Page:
The Gold Rush The discovery of gold nuggets in the Sacramento Valley in early 1848 sparked the Gold Rush, arguably one of the most significant events to shape American history during the first half of the 19th century.

As news spread about the discovery of the nuggets, thousands of gold miners traveled by land and sea over to San Francisco and the areas around it. By the end of 1849, the population of California spiked to 100,000 people. Through the years a total of $2 Billion worth of precious metals was extracted during the peak of the Gold Rush in 1852.


Miners extracted more than 750,000 pounds of gold during the California Gold Rush.

On January 24, 1848, James Wilson Marshall, a carpenter originally from New Jersey, found flakes of gold in the American River at the base of the Sierra Nevada Mountains near Coloma, California. At the time, Marshall was working to build a water-powered sawmill owned by John Sutter, a German-born Swiss citizen and founder of a colony of Nueva Helvetia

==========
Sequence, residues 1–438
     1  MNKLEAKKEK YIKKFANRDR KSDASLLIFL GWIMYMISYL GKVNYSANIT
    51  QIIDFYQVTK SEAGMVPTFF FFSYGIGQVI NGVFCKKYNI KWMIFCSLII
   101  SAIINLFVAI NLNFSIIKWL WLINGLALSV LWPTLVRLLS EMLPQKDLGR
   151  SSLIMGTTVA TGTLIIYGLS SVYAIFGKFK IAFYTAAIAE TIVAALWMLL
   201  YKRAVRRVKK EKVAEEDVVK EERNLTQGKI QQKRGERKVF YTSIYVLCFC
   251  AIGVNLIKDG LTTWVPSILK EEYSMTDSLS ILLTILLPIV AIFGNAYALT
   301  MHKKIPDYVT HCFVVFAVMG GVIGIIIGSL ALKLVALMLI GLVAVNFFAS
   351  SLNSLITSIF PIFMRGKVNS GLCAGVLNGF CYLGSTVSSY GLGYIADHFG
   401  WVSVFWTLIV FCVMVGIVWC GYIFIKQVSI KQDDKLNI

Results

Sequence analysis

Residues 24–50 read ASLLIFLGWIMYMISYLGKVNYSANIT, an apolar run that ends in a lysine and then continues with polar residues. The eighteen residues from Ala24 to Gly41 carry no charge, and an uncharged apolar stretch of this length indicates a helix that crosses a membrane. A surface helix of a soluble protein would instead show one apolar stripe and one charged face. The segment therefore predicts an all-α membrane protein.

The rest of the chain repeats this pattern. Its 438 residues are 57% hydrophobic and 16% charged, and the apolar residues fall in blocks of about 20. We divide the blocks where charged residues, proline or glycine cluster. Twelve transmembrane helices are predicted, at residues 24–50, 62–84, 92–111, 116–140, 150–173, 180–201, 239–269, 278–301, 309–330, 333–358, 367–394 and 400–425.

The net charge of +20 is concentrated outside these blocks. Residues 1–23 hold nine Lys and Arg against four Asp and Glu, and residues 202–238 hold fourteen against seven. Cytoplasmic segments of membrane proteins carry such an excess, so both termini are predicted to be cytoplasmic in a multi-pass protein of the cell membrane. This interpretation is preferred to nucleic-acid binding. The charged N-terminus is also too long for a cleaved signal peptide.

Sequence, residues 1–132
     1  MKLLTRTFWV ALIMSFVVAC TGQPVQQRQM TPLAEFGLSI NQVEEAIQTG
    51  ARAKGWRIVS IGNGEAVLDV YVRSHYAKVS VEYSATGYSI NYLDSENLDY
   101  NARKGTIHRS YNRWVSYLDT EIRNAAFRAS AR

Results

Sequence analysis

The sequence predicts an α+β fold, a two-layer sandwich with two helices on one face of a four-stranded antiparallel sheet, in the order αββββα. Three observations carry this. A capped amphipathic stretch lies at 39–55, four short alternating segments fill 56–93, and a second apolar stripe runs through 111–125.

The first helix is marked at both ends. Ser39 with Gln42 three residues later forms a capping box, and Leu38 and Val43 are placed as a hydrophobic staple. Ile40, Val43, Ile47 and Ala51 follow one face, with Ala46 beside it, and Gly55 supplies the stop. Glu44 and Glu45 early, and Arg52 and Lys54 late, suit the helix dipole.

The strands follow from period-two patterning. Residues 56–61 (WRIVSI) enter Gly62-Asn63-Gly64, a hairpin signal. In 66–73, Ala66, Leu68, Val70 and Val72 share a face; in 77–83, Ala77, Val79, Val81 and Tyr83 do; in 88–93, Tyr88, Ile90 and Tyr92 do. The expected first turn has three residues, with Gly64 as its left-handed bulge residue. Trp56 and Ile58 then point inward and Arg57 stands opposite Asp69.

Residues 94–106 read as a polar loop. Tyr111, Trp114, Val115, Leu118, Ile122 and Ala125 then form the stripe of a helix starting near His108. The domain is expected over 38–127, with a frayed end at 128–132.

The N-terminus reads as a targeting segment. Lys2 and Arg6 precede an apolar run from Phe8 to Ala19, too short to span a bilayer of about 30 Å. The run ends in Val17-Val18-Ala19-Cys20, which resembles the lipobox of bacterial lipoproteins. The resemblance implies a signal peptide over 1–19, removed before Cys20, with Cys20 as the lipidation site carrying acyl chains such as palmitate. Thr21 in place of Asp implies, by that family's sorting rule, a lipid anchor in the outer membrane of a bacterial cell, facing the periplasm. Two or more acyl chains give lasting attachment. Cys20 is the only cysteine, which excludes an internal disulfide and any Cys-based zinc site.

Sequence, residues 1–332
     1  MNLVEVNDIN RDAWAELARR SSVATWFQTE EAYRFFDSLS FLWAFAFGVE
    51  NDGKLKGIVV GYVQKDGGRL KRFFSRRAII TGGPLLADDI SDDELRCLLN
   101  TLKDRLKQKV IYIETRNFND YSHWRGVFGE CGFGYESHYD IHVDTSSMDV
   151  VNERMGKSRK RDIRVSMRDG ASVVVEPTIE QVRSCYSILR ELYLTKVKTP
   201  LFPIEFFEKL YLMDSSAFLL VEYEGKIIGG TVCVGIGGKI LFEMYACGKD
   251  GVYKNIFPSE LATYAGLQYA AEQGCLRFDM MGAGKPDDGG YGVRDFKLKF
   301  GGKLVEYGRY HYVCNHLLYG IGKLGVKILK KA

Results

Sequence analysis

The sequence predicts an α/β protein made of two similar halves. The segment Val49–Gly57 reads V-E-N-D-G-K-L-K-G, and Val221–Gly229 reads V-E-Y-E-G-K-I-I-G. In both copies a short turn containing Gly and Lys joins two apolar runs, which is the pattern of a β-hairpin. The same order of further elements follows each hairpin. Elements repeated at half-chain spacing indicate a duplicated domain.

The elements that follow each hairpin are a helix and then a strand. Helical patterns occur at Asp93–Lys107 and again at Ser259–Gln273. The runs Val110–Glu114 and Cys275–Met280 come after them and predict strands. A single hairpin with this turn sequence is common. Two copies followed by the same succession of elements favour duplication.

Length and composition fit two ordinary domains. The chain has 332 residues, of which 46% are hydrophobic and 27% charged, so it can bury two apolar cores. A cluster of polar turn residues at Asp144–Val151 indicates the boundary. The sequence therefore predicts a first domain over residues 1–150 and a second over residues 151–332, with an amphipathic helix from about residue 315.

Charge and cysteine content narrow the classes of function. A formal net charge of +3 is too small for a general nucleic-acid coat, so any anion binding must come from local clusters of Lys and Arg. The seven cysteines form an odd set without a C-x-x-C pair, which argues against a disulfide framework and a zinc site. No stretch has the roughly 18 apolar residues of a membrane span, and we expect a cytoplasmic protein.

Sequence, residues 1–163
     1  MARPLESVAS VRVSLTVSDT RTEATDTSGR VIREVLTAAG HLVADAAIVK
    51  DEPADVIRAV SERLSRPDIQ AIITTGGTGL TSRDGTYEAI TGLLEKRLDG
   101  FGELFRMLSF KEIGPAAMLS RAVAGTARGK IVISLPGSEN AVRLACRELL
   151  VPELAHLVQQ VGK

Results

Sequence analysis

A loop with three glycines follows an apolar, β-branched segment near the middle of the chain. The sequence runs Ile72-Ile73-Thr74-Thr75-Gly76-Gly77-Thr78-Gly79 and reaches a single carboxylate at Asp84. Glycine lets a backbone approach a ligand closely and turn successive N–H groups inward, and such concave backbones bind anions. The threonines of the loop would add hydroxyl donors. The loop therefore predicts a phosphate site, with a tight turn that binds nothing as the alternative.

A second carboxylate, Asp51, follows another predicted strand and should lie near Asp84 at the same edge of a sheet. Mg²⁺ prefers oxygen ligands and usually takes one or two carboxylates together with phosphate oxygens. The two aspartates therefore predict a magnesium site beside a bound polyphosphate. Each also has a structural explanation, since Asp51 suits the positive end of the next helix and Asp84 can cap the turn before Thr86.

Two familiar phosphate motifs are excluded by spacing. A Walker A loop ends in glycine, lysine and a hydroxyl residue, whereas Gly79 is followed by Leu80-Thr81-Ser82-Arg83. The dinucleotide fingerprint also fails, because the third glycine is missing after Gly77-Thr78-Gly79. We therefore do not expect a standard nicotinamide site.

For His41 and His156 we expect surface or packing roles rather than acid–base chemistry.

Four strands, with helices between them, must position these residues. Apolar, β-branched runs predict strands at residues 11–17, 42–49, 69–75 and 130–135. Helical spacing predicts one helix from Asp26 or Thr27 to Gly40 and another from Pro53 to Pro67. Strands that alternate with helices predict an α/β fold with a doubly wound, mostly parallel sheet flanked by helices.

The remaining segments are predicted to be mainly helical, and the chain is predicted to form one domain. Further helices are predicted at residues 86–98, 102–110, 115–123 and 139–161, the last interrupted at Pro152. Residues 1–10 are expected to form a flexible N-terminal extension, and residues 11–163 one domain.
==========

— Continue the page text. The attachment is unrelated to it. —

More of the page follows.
As Marshall later recalled of his historic discovery:“It made my heart thump, for I was certain it was gold.”

After 1850, the surface gold in California largely disappeared, even as miners continued to arrive. Mining had always been difficult and dangerous labor, and striking it rich required good luck as much as skill and hard work.

Made with Adobe Slate

Make your words and images move.

Get Slate

Report Abuse

If you feel that this video content violates the Adobe Terms of Use, you may report this content by filling out this quick form.

To report a Copyright Violation, please follow Section 17 in the Terms of Use.